I really enjoy strategy games, but only of the "turn-based" variety. I believe that turn-based strategy games get the heart of the genre better than RTS (real-time strategy) games do. After all, strategy is about thinking and planning, it's not a race.
Think about the greatest strategy game of all time: chess. It's turn-based. You have to watch you opponents moves and react (and even predict) appropriately. A pure battle of the minds.
Maybe I'm just a little biter because I'm not terribly good (in fact, downright terrible) at RTS games (Warcraft, Starcraft, Command and Conquer). I find that when I'm playing these games, especially when playing against human opponents, I am never able to think. With everything continuously and constantly happening, I don't get a chance to properly plan ahead.
Now before you cry out: "But that's the whole point of RTS's!!!", let me just say that I understand that, I'm simply pointing out how it's not for me. I'm simply saying that to me, a pure strategy game comes down to thinking and completely removes elements that rely on reaction time and precision. If I lose at a strategy game, I want it to be because of my poor decisions or an oversight (which is completely my own fault), not because I mis-clicked on a unit on screen and didn't give him orders fast enough, or worse, because the other guy has created a key-bind for every unit type in the game and I haven't.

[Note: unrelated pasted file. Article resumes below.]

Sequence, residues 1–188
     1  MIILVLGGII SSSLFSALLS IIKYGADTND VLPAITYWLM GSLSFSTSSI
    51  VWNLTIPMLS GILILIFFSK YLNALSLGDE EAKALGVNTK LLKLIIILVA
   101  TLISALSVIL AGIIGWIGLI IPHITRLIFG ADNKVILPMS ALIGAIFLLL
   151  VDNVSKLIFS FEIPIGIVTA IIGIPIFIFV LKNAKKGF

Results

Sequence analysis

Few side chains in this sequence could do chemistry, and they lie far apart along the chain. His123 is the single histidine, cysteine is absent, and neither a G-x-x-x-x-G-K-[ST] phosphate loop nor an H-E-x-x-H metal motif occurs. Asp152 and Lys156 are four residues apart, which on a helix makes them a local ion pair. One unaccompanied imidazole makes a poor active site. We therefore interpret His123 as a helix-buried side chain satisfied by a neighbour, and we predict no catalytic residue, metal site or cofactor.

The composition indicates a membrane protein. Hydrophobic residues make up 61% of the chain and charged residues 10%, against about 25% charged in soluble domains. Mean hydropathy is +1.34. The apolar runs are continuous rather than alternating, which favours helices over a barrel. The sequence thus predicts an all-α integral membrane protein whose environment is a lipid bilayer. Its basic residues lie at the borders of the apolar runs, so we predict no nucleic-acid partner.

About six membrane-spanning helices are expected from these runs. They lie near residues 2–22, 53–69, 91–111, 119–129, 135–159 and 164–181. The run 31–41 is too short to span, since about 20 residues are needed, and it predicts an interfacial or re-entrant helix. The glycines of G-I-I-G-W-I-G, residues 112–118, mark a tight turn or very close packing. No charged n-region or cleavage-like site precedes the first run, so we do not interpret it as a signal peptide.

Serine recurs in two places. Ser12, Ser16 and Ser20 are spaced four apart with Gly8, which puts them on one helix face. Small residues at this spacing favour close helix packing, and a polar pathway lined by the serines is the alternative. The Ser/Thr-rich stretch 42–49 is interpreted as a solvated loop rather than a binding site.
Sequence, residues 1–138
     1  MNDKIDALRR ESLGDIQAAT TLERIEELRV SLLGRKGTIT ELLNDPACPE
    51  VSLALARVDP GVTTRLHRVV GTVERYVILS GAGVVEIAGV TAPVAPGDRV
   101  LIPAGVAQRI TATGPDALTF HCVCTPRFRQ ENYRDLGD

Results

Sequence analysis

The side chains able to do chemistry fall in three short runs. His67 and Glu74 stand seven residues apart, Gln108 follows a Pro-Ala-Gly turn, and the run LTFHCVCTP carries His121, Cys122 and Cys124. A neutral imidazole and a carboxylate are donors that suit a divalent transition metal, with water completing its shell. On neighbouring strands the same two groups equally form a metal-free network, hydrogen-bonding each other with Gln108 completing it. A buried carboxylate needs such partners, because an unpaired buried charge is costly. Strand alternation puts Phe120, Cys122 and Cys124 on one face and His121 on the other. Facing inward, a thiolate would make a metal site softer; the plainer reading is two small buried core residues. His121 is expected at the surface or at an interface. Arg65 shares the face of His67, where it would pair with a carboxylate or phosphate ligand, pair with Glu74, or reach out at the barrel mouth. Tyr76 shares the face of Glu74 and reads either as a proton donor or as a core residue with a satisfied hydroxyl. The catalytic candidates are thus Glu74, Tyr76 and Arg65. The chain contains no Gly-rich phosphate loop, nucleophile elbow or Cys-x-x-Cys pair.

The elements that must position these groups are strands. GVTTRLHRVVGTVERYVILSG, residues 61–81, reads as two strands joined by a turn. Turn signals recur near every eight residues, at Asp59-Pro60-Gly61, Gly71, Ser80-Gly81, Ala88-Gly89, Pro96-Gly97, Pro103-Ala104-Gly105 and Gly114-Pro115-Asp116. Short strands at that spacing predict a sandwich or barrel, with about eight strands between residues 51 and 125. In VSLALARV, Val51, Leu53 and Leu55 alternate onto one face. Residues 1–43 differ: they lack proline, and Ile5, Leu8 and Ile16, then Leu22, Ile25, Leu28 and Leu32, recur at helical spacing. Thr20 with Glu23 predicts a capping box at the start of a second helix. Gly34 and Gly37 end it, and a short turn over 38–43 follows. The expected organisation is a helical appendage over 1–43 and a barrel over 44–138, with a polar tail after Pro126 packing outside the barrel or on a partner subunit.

This recent revelation of my love of turn-based strategy games has come after I finished the campaign in Advance Wars: Dual Strike for the third time. I also came to the revelation that it is hands down, my favourite DS game.
The Wars series (sometimes referred to as the Nintendo Wars series) is a series of turn-based strategy games that have long existed in Japan but were never released in North America until Advance Wars on the Game Boy Advance (previous entries were released in Japan for the Famicom and the Game Boy).
While the games have a "cartoony" look, they are very intricate and expertly balanced military strategy games. I definitely count the Advance Wars games as my personal favourite turn-based strategy games.
From a game design point of view, my appreciation of strategy games comes from the fact that the outcome is almost always decided by the players understanding of the game (or lack thereof). This is different from action games, where perhaps the player has lost because of a slip of the thumb, causing them to miss a jump or fail an attack. The reflex element (some would call it skill) has been completely removed, leaving the player with only their wits to help them get by.
That's why I (heart) strategy games.